Just because the predator caricature man or woman visualizes its lovely, bushy prey as a piece of steak, you spot your reader as a source of cash. Your blog is not anything more than an ongoing pitch fest. You need to sell your “remarkable” content material, not deliver it away totally free. And you’re constantly pitching your present day e-route or eBook.Not a very good idea! Here’s why: Promoting something, online or offline is about agree with. If all you’re doing is pitching stuff, human beings gained trust you, and that they’ll write you off as just any other sleazy internet marketer. First provide advice, insight and answers. Make a distinction. Entertain. Humans will need to buy from you later, without you having to do an awful lot selling.
3. Making empty promises:
Is your blog submit promising to assist the reader make an additional $5, 000? Lose 50 pounds? Reignite the ardor with their spouse? Properly, you better lower back it up. Not just with a story and some platitudes, however a actual step-through-step guide to making it take place. At some stage in the early days of the internet you may are becoming away with imparting cotton sweet content material. Now although, people expect real meat and potatoes.So, be cautious of what you promise. In case you make a large promise, lower back it up with recommendation human beings can take motion on right away. Otherwise, humans will simply unsubscribe from your weblog. They could even stop by your feedback phase and go away you a few choice phrases.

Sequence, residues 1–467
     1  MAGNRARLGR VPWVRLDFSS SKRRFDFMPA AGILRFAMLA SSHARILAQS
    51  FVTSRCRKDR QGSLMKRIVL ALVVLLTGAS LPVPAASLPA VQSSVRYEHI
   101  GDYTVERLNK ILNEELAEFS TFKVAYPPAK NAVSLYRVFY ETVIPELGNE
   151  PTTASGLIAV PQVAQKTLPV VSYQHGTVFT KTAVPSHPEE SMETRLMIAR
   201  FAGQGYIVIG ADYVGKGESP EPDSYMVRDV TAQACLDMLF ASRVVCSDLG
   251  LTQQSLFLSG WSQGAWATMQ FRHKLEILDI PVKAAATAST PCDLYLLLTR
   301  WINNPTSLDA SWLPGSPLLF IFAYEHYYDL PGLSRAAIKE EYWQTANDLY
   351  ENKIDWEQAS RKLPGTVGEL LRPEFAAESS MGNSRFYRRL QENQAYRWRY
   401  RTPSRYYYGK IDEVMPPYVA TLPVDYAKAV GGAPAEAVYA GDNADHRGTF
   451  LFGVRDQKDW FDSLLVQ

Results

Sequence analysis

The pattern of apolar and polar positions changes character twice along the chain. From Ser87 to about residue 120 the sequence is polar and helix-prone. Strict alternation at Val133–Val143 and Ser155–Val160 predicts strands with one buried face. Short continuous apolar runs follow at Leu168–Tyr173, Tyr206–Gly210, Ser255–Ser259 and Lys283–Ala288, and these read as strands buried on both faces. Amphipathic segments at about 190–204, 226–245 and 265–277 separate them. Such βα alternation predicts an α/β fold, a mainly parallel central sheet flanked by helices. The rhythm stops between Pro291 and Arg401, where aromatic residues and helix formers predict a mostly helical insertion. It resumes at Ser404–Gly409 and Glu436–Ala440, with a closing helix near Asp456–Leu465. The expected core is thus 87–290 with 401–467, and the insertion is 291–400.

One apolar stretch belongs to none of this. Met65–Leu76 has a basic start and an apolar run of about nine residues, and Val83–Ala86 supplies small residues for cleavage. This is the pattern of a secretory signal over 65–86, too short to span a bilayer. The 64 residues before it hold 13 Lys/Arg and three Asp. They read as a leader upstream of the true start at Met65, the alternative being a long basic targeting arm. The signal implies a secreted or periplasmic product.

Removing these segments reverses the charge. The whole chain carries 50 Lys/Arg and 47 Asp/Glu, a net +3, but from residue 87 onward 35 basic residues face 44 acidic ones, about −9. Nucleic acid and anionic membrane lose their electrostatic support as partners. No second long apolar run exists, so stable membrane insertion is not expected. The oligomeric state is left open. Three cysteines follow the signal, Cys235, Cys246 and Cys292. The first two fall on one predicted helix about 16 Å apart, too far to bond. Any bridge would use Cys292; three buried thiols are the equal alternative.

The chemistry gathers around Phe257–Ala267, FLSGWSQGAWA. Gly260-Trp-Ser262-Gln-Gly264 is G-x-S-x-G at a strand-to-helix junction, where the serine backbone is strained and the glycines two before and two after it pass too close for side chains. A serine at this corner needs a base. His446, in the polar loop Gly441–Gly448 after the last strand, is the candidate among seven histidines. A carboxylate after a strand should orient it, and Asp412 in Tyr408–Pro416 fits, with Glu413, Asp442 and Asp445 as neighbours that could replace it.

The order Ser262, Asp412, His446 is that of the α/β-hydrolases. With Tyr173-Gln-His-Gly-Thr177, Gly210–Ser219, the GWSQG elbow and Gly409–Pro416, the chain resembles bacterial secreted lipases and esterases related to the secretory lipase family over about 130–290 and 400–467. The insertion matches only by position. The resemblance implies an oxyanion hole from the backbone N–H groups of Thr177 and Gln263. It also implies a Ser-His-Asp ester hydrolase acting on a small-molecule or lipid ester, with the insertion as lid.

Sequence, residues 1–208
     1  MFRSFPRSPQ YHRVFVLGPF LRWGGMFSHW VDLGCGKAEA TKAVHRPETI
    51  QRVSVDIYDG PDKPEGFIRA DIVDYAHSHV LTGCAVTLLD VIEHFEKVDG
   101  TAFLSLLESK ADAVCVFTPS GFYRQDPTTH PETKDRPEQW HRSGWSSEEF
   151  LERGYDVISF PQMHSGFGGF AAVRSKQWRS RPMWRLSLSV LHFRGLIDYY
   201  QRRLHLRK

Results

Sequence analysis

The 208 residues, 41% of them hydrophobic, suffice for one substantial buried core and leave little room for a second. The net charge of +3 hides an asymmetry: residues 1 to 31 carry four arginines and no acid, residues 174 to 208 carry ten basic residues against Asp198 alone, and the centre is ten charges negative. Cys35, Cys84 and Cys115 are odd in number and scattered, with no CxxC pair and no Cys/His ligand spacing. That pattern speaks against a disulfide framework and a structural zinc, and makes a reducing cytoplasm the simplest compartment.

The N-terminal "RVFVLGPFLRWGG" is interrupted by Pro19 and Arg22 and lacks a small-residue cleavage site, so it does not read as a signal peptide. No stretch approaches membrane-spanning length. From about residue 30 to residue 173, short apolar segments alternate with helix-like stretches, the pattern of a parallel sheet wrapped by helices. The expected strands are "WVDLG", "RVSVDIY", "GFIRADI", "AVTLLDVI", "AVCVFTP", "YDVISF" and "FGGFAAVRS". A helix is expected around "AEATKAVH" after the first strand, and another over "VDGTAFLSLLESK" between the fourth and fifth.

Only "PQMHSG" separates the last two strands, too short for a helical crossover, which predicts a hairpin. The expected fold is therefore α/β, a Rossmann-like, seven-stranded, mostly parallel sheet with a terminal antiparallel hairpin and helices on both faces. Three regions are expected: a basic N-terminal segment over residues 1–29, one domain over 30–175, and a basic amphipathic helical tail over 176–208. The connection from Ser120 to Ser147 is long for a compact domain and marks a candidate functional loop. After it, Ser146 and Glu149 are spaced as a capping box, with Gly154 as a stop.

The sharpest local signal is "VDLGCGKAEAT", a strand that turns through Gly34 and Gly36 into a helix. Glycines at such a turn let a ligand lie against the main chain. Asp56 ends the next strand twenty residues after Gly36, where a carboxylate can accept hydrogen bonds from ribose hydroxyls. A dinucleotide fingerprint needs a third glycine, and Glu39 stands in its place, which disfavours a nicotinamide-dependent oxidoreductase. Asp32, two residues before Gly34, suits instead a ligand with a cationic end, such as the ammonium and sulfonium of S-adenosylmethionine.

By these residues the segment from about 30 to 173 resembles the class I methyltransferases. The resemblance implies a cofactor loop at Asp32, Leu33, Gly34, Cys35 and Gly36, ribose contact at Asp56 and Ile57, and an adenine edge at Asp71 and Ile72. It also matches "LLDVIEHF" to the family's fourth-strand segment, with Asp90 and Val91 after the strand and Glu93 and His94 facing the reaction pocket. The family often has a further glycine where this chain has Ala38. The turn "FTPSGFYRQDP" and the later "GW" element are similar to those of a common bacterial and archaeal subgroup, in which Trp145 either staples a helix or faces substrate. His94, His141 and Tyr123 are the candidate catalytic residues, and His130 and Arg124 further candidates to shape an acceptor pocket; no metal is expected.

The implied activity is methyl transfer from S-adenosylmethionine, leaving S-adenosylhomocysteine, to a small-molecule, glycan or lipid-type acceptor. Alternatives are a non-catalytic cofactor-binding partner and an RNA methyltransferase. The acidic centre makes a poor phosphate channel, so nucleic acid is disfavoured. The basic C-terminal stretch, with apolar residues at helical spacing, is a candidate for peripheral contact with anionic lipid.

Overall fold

4. No longer being worthy of the crowd:
Consider you’re about to supply your subsequent put up in individual to a packed conference corridor of 5,000 people. You wait nervously in the back of the massive, heavy curtains with the stage manager whispering remaining-minute instructions for your ear. Your palms are sweaty, your heart is pounding and your mouth is dry.Your call is announced and you step out from the curtains, like a scared rabbit, into the intense lights to rousing music and deafening applause.
The crowd falls silent as you stand in the back of the microphone, center-stage.If this was your arena — if you were now not invisible — how tons more effort might you install? How lots tougher might you put together, studies, write and edit your posts? What might you do to craft the sentence shape, punctuation and pauses to get the proper tone, flow, rhythm and emotion? That’s what you have to be doing now with every publish you write. You then’ll get the consequences you so desperately crave.
5. Being bored:
In case you’re tired of your writing, your target market might be bored through it too. In case you now not feel passionate and enthusiastic about your topic, you is probably going for walks low on innovative energy. And the most effective manner to restoration that is to permit that strength to recharge. You have to take a wreck.Sure, I know you want to get to the end line early. However you want to take a damage to get excited once more. In any other case your readers will feel your boredom, and be bored too. We can’t be having that now, are we able to?